The city of Roswell hosted a public forum in Ward 1 on Monday evening at the Roswell Recreation and Adult Center.
Around seven citizens attended the meeting with 11 city staff and Councilors Juan Oropesa, Jacob Roebuck and Jeanine Corn Best. At the beginning of the meeting, Planning Manager Bill Morris wrote a citizen-suggested agenda. City Manager Joe Neeb facilitated discussion on the following topics: sanitation and grappler trucks, sidewalks, parking on Riverside Drive near Enchanted Lands Park at 306 N. Sycamore Ave., vector control and speeding on Lea Avenue.
“When the city is efficient and friendly and communicates well, that does set a tone that the citizens will pick up on,” Roebuck, who represents Ward 1, said. “If we do our job well as a city, it will help the citizens in their neighborhoods do their jobs well, but we’ve got to take that leap. We’ve got to do the job well first and the citizens will follow that.”
Along with Roebuck’s statement on communication between the citizens and the city, Neeb urged citizens to call instead of waiting for city council meetings to help the city provide service efficiently.
“What we want to make sure is that everybody understands, all you have to do is make a phone call and email or something and that will get it into the queue,” Neeb said.
The city is working on a “more robust work order system” Neeb said — but in the meantime, citizens can submit requests on the city’s website. Juanita Jennings, public affairs director, gave instructions to click under the ‘How Do I’ tab on the far right of the homepage. After this, citizens can then click to submit a concern and will be directed to a FixIt form.
Neeb said the city will send requests to the appropriate department and if the citizen provides contact information, the staff can contact them.
In regard to Enchanted Lands Park, three residents said they were concerned about parking for those using the park and were requesting that parking remain on the park side rather than near their homes. The concern that the park was not compliant with the Americans with Disabilities Act was also raised.
One citizen said a group of six to seven residents attended the council meeting last Thursday to share these concerns. Best said in conversation with the group that she suggested they attend the forum and was proud they were present on Monday. After the discussion, Neeb also asked for a petition from the Enchanted Lands group, which he said would help the city come up with a solution.
At this time, City Engineer Louis Najar said, pedestrian signs have been placed to slow the traffic a bit. Najar said he has considered the no parking option — but warned that residents would give up that parking as well. He has reached out to the parks department in order to determine the best placement for parking.
“Of course it is a good problem to have that people are using the park so much,” Elizabeth Gilbert, director of administrative services, said. “We are happy about that so — if I could speak for probably all the staff in here, any one of us are willing to talk with a citizen about any issue you have and work with you to make sure that whatever your concerns are, you are getting to the right people and getting your problem heard effectively.”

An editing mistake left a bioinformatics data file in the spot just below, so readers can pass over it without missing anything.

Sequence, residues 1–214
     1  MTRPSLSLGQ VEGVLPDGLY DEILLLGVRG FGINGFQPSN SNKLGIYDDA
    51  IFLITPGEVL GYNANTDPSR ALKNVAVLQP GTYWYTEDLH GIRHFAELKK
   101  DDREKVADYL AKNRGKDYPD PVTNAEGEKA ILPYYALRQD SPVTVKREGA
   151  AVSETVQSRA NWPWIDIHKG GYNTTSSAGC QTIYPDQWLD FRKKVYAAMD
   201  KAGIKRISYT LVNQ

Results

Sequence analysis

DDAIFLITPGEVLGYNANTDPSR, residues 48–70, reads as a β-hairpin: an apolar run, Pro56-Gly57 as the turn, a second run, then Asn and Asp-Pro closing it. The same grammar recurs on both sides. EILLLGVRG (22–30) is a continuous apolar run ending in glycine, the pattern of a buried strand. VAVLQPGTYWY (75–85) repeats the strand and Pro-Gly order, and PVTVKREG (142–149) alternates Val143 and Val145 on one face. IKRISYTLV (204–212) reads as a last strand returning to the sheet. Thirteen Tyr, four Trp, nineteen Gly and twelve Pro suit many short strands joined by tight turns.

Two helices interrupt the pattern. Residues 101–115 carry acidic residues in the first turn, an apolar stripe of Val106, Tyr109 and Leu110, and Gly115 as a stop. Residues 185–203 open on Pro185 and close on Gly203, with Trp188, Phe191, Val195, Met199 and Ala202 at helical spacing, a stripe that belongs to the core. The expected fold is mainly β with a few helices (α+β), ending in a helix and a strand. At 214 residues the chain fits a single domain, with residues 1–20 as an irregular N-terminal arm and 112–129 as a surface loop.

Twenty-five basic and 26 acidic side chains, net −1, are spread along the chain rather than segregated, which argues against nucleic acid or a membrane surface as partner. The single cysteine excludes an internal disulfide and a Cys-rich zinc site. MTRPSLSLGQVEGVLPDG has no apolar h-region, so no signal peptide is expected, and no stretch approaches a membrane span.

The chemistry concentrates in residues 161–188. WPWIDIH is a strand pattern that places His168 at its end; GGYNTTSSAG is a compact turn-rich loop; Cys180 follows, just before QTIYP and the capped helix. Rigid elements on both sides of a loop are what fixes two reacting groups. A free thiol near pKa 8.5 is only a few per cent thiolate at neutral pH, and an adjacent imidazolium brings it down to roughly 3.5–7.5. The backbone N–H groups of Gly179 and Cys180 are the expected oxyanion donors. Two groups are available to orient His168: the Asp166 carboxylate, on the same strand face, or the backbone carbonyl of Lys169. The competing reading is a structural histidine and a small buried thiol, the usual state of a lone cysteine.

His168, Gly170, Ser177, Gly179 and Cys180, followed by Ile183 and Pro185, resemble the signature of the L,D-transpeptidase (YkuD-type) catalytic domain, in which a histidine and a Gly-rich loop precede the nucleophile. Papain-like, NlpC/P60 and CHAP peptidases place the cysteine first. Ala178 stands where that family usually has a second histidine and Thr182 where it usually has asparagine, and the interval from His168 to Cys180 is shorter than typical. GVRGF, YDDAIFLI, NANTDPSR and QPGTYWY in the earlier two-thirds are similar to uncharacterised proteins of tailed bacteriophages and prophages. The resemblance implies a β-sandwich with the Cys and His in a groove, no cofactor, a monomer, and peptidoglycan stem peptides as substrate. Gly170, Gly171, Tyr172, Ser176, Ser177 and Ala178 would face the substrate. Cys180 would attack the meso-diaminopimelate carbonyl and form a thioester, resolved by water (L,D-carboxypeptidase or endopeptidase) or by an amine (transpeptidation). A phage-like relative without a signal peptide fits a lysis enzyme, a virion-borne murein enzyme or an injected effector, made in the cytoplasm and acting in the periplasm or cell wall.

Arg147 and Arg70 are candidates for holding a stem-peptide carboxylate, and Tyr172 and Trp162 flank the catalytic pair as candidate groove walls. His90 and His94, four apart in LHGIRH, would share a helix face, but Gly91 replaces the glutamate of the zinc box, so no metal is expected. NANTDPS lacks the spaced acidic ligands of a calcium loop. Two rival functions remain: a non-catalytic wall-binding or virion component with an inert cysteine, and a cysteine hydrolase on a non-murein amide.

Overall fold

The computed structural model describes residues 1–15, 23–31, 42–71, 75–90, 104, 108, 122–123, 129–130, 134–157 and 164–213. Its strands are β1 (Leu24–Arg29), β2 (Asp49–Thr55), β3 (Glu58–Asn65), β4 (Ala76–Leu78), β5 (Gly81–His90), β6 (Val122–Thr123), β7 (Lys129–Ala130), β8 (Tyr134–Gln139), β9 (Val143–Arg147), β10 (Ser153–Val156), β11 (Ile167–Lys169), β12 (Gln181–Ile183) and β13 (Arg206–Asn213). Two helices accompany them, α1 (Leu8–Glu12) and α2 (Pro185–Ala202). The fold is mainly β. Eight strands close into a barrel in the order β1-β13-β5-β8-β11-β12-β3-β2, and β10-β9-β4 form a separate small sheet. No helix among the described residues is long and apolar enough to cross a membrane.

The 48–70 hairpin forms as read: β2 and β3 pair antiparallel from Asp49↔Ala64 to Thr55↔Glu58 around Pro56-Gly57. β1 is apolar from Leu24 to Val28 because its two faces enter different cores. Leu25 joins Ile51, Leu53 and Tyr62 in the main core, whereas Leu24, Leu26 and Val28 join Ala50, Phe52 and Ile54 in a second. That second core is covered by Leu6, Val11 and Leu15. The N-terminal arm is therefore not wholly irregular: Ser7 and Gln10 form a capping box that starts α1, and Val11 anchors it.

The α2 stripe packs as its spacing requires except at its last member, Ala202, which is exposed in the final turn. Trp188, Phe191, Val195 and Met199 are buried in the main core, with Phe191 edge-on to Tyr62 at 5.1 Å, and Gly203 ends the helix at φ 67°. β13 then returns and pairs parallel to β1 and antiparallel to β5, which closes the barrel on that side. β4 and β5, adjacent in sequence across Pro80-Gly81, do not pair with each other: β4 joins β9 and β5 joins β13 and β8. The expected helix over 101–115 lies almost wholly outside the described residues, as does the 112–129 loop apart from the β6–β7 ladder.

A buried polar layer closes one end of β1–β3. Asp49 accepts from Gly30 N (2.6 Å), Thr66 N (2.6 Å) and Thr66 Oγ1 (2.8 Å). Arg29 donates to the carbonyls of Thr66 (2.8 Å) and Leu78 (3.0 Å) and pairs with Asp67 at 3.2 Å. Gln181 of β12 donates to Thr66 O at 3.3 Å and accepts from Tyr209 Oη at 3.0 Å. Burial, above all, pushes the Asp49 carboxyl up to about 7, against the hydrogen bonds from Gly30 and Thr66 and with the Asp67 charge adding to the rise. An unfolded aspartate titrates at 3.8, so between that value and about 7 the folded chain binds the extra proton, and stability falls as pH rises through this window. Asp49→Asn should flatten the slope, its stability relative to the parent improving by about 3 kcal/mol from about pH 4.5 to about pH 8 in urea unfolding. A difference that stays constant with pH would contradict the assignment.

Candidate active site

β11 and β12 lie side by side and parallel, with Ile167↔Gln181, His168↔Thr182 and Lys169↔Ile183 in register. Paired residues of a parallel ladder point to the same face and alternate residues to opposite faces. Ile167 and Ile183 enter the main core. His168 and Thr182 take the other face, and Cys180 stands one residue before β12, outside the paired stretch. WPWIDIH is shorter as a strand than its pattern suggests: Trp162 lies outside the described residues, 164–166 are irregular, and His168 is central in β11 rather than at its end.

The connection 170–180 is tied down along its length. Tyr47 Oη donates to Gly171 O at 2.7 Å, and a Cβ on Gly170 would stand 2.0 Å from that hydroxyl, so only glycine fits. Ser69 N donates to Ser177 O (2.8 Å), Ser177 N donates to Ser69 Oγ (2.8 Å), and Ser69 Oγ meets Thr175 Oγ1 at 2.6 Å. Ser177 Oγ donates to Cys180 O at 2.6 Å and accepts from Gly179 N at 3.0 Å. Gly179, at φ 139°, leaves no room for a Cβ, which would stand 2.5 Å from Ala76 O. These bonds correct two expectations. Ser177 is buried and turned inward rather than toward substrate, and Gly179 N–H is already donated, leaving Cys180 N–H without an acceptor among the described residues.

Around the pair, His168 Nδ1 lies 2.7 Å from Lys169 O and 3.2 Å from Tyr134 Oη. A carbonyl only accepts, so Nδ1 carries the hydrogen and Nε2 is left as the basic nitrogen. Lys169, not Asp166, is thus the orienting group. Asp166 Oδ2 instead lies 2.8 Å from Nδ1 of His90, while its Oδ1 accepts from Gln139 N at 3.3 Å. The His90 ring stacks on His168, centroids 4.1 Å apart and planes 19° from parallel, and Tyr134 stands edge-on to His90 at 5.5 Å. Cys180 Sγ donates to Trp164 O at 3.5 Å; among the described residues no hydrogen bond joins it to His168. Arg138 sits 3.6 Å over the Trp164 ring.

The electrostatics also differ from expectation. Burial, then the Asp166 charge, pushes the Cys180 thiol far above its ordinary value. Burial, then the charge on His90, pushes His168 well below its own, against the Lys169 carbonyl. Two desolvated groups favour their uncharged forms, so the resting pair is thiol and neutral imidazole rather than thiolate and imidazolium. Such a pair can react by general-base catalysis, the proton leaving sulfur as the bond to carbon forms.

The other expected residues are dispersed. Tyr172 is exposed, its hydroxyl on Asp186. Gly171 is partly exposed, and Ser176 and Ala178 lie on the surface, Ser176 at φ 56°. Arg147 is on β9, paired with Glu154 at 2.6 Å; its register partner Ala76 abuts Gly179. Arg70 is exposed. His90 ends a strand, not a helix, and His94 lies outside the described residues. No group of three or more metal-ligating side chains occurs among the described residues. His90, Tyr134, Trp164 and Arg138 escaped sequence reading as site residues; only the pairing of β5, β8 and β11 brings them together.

Police Chief Phil Smith said if there is parking blocking the way for emergency service vehicles, citizens can call the Roswell Police Department. He said someone from the police department will come and find the owners to ask them to move their cars.
Former Mayor Tom Jennings asked about enforcement of parking on sidewalks, safety hazards and maintenance on the bike trails, other park concerns, homelessness between the civic center and museum, and the disbanded commission on accessibility and ADA compliance.
On the subject of vector control, Najar said it is taken care of by the streets department and the county. Najar said this weekend or next, Cielo Grande will be sprayed to prepare for Hike It & Spike It. He said the city pays the county $40,000 to $50,000 to spray and the city calls in when they notice mosquitos and still water.
On the sanitation topic, the city has five grappler trucks and is looking to hire four people to keep debris and larger items out of the alleys.
“The whole concept is we keep the alleyways cleaner, keep the neighborhoods cleaner, the psychology of the people change and they start to take a little more pride of the neighborhoods, we hope, and that makes our job easier,” Neeb said. “I don’t have to hire five more police officers because people are taking care of their neighborhoods as well.”
“I would personally like to thank the citizens that have come,” Best said, expressing frustration that city staff sometimes outnumber citizens present at forums. Best expressed a desire for the word about the meetings to get out, and for people to get involved.
“I want it on Facebook. Ms. Jennings is doing an awesome job getting out there. We are trying to be new and updated and get more information in — but it’s not just us.
“We are doing the best we can and our staff is doing an awesome job no matter where they are. The history is not great in Roswell. We are trying to rebuild this. We have new councilors that care. Some of us old councilors gave up after the first two years. We are rejuvenated again. We are excited! We want you guys to come and tell us … We don’t ignore it. We read it. We may not answer back but we read it. We want you guys to be involved.”
City/RISD reporter Alison Penn can be reached at 575-622-7710, ext. 205, or at email@example.com.